The true incidence of ovarian torsion is unknown. Ovarian torsion is described as the 5th leading cause of gynecologic emergencies and represents about 15% of surgically treated adnexal masses.  An adnexal mass, typically with a diameter of 5 cm or greater, is the greatest risk factor for torsion although in one case series the mass size associated with torsion ranged from 1 cm to 30 cm with an average size of 9.5 cm. In premenarchal females, a case series reported over 50% of girls with torsion had normal anatomy (i.e. no mass). [4,5,6,7,8,9] Ovarian torsion can also occur in the pregnant female, with the greatest incidence between 10 and 17 weeks although possible in all three trimesters. In pregnancy the masses most likely to torse were 6 to 8 cm, with larger masses less likely to develop torsion. [7,8,9,10]
Another important population to consider the diagnosis of ovarian torsion is the patient undergoing reproductive and infertility evaluations and using ovulation induction agents. These patients are at risk for ovarian hyperstimulation syndrome, and in one case series, 8% of patients developed torsion from physiologic cysts. 
Other risk factors include polycystic ovarian syndrome and tubal ligation, possibly secondary to adhesions. As with any condition or disease process those with prior history are at risk for repeat occurrence. In patients with prior ovarian torsion, 11% were likely to recur, and of those, women with normal anatomy are at greater risk. [5,6]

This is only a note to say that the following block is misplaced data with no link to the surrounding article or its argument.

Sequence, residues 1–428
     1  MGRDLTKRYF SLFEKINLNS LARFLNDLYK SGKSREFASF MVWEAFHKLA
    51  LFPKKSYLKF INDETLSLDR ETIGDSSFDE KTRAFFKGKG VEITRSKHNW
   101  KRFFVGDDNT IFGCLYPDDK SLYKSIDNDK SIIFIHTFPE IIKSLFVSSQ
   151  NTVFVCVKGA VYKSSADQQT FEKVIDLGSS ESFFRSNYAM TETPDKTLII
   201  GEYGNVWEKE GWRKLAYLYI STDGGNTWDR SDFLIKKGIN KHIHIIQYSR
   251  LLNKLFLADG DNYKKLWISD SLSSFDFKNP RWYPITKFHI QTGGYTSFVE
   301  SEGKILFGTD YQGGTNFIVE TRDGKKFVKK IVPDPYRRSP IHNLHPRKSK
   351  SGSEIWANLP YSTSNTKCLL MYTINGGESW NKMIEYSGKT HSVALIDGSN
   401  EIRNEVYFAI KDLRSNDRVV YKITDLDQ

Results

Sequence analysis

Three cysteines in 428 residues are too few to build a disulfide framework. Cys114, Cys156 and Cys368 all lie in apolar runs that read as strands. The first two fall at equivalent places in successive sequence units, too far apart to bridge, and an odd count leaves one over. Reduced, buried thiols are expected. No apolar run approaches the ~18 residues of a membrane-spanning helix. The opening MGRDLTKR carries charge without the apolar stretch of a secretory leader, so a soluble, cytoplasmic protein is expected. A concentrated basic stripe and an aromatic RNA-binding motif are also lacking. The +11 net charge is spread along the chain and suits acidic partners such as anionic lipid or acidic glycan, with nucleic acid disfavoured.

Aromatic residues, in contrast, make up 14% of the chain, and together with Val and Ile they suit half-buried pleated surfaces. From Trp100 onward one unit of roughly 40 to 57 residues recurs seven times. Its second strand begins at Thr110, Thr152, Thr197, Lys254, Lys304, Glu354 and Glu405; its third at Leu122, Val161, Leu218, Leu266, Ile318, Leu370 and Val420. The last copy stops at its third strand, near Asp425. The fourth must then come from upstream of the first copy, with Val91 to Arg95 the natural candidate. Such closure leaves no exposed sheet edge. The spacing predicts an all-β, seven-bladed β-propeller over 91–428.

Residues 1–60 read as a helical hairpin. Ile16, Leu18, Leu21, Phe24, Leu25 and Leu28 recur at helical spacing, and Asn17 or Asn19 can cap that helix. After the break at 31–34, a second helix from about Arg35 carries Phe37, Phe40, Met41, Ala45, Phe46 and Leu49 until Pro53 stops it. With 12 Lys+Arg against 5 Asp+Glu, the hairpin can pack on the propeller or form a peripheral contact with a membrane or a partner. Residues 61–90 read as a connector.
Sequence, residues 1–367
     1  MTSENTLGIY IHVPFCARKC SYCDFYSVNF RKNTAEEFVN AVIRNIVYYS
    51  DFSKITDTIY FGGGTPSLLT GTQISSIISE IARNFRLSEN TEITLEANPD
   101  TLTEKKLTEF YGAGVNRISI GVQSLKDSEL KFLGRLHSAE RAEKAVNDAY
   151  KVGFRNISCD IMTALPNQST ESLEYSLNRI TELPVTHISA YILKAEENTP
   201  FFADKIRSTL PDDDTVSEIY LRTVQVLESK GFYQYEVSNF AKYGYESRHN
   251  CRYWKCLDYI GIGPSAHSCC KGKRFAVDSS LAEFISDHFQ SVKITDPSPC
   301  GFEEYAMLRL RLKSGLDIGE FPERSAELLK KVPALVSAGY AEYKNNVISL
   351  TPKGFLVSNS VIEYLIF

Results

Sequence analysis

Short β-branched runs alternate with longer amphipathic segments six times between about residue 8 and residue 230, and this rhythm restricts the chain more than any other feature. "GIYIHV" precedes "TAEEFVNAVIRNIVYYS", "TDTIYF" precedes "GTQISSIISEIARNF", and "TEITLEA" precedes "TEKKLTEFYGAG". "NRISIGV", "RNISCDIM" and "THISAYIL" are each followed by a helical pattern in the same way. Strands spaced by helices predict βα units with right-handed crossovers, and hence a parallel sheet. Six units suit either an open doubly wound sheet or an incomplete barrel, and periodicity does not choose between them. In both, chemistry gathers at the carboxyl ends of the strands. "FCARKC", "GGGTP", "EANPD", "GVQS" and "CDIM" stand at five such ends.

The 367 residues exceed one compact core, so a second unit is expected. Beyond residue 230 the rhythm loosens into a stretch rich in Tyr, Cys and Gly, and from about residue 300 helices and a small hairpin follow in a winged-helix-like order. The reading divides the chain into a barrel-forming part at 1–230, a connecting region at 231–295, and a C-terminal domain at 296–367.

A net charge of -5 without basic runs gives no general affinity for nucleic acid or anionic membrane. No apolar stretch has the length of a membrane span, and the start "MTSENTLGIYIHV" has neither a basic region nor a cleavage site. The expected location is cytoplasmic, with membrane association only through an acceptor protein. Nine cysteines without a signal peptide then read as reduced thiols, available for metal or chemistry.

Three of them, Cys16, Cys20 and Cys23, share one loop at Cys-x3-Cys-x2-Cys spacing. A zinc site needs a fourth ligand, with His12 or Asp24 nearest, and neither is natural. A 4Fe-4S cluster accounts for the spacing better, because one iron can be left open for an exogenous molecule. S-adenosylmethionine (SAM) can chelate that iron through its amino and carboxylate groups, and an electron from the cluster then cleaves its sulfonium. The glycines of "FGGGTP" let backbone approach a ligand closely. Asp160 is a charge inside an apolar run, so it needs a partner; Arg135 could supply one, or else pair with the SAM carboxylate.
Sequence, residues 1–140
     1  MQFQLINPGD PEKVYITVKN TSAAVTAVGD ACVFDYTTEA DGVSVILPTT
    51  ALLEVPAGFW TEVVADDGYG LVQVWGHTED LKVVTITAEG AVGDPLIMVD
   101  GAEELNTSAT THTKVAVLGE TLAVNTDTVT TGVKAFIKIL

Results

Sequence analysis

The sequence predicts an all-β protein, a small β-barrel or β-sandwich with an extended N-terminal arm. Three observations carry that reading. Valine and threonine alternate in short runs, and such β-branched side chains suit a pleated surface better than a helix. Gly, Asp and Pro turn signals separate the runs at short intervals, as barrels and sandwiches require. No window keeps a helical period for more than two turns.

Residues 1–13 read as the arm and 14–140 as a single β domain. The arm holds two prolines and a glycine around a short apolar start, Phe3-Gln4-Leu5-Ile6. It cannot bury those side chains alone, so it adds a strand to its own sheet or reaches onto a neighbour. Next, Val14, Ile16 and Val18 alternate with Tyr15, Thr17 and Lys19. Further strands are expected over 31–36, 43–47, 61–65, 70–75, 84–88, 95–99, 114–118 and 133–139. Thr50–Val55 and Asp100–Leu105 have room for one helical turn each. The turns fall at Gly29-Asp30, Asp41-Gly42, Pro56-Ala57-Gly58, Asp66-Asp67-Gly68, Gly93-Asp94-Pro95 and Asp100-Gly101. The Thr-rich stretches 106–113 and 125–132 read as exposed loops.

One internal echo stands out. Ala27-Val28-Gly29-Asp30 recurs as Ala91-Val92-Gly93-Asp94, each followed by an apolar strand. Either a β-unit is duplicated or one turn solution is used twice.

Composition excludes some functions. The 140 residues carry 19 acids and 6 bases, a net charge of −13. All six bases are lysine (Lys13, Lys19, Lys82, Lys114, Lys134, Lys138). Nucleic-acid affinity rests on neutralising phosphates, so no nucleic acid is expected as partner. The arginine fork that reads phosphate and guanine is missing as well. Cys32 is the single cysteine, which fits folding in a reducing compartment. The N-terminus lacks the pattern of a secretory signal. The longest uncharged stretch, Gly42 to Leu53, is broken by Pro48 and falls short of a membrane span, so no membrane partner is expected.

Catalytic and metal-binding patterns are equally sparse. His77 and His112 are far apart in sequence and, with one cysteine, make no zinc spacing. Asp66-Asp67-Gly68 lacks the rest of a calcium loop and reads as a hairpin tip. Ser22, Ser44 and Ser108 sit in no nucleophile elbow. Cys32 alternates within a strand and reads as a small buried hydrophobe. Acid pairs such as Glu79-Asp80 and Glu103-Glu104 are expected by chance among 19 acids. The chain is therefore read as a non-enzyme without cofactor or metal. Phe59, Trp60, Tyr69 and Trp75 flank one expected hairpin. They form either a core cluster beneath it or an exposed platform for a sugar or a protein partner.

The classic presentation of ovarian torsion includes acute onset of moderate to severe pain with nausea and vomiting in a patient with a prior history of an adnexal mass. Nausea typically occurs at the onset of pain. Fever and chills can occur but are more likely to occur with premenarchal females since their course is typically slower at onset with later presentation to the ED for care. They are more likely to present with fever and diffuse pain, rather than focused right or left lower quadrant pain.